Dr. Rubman: When a cold’s coming on and you get a scratchy throat, you should take additional vitamin C. It’s important to take vitamin C away from meals…it’s important to spread it out over the course of the day. Even though ascorbic acid is an acid, it’s relatively alkaline compared to the stomach acid, so you want to take it away from meals.

Bottom Line: Even though you need the food to make it work?

Dr. Rubman: You need the food factors to make it work. If you’re taking additional vitamin C, you need to separate it from that. And there’s no problem in taking additional food factors to make it work better, like dark berry juices are wonderful for vitamin C to work. Fruit pectin helps the bacteria in the large intestine to better appreciate vitamin C. Having the other antioxidant vitamins—beta-carotene, vitamin E and the mineral zinc—potentiate the function of vitamin C. So it’s very much a team player.

Bottom Line: Let’s imagine I’ve got a scratchy throat and you want to supplement. Which vitamin C should somebody take to really knock that out in the first place?

Dr. Rubman: They would probably want to take between 2,000 and 3,000 milligrams, and they would probably, with a scratchy throat, want to gargle and then swallow so they had good exposure. With sore throats, taking adequate amounts of zinc is also very, very important, and there are other botanicals that can be thrown in to help with the sore throat. But that’s a good ballpark for vitamin C.

Bottom Line: Will vitamin C help defend people from the ebolas and the enteroviruses or whatever virus du jour is running around?

Dr. Rubman: Yes, absolutely. We have to remember that as virulent as a pathogen is, its ability to successfully attack an individual not only depends on that virulence, but also depends on underlying host resistance. This is something that we forget oftentimes in the modern day and age of miracle drugs.

Bottom Line: Anybody that shouldn’t take vitamin C?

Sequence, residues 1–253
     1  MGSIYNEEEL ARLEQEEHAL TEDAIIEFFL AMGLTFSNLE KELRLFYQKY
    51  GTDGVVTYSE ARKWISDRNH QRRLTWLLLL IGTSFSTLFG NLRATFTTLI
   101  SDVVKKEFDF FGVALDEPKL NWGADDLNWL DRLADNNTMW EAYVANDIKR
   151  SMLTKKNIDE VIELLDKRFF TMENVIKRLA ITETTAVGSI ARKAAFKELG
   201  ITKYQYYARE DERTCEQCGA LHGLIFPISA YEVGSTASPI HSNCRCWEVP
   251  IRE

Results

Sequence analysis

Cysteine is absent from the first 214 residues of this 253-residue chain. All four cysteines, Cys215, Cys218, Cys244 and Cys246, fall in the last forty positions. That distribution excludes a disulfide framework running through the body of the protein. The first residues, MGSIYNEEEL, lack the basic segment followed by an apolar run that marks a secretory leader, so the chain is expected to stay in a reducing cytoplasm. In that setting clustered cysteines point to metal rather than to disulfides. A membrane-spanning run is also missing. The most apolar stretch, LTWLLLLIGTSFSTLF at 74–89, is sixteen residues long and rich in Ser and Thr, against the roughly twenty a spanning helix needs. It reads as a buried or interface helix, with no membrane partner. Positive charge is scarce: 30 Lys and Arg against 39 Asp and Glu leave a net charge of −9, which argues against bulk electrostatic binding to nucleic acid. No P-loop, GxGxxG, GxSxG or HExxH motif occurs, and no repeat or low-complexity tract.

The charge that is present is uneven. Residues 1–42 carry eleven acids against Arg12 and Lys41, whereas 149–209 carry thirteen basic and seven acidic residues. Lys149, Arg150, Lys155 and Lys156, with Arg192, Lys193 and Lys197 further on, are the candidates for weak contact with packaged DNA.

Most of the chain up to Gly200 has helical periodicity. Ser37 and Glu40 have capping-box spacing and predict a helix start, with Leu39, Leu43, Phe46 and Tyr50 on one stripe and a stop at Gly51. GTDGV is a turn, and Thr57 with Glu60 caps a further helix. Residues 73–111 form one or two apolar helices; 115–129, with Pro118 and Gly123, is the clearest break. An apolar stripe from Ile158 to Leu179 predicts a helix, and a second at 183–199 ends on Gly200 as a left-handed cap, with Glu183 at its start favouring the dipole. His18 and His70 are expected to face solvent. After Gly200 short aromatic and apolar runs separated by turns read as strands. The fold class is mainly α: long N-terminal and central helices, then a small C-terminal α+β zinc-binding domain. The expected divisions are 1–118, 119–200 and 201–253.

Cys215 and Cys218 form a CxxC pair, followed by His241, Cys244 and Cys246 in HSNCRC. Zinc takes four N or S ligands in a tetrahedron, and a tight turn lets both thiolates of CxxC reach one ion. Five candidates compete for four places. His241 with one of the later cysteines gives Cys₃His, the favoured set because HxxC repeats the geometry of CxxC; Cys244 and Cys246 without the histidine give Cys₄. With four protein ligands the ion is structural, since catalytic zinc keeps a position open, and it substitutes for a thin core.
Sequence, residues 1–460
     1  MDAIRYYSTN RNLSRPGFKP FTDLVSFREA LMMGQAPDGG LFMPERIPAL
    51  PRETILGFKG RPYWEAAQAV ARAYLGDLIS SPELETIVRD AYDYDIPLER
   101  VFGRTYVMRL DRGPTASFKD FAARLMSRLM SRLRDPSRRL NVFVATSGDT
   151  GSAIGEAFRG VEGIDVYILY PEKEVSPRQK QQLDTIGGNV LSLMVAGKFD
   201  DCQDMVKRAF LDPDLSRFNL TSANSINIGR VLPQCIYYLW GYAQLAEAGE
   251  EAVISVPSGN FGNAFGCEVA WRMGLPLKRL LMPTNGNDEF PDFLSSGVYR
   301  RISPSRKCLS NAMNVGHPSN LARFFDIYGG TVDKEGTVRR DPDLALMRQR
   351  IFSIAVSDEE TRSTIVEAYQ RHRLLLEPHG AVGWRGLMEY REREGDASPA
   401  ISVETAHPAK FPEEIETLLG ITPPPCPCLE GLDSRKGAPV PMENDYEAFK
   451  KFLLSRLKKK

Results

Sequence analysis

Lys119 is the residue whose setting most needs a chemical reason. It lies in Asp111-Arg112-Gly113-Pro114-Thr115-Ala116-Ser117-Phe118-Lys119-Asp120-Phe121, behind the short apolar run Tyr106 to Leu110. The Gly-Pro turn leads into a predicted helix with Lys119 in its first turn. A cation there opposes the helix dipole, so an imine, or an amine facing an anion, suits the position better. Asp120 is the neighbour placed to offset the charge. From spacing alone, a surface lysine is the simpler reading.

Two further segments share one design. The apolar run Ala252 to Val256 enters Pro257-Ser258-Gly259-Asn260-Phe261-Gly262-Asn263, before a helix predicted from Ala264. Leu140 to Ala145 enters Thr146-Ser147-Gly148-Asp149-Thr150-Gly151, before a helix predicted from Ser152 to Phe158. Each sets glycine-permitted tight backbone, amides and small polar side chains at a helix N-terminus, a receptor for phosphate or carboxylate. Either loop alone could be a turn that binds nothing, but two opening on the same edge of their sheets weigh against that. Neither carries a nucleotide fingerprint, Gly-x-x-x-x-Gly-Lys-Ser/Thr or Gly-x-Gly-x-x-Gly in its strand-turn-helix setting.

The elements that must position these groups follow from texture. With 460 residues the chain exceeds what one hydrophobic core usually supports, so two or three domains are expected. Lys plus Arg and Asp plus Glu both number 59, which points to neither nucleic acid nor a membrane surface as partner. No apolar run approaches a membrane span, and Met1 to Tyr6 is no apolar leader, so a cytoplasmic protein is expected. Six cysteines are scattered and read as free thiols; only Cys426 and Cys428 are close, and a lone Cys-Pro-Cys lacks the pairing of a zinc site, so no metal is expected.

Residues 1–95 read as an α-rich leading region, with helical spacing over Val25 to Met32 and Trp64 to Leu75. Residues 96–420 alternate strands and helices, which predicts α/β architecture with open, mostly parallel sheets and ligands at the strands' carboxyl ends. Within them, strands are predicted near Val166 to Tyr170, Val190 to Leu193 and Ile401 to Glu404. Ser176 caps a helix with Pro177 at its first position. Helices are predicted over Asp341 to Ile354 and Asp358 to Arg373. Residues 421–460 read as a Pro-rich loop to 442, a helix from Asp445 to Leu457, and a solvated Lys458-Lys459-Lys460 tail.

Dr. Rubman: Not usually.

Bottom Line: Except if you take too much, it might affect your stomach and give you some diarrhea?

Dr. Rubman: Well, you take too much, you can get diarrhea from it. You can sometimes disturb the body’s normal clotting mechanisms. You might upset the balance with other antioxidant vitamins. But it’s pretty difficult to do that to yourself.

Bottom Line: If it’s not to knock out a specific cold or flu, what’s the standard amount of vitamin C that someone might want to take each day?

Dr. Rubman: As a health-boosting, immune-boosting supplement for daily use?

Bottom Line: Tissue-maximizing, yeah.

Dr. Rubman: Between 1,000 and 2,000 milligrams is generally regarded as a good modest therapeutic amount.

Bottom Line: Great. Thank you so much, Andy. The bottom line on vitamin C? It is a great immune booster. Boring, simple, been around for forever, but it’s effective. Now, the key is you can’t just take vitamin C and be done with it. It works best when it has healthful fruits and vegetables that help support it, give it all the other elements that vitamin C needs to be able to be absorbed and used properly in your body.

You can take it every day to be able to maximize your immune system, 1,000 to 2,000 milligrams. But when you have that scratchy throat or you really want to boost yourself because you’re fighting something, you can take 2,000 to 4,000 milligrams a day. This is Sarah Hiner with Bottom Line.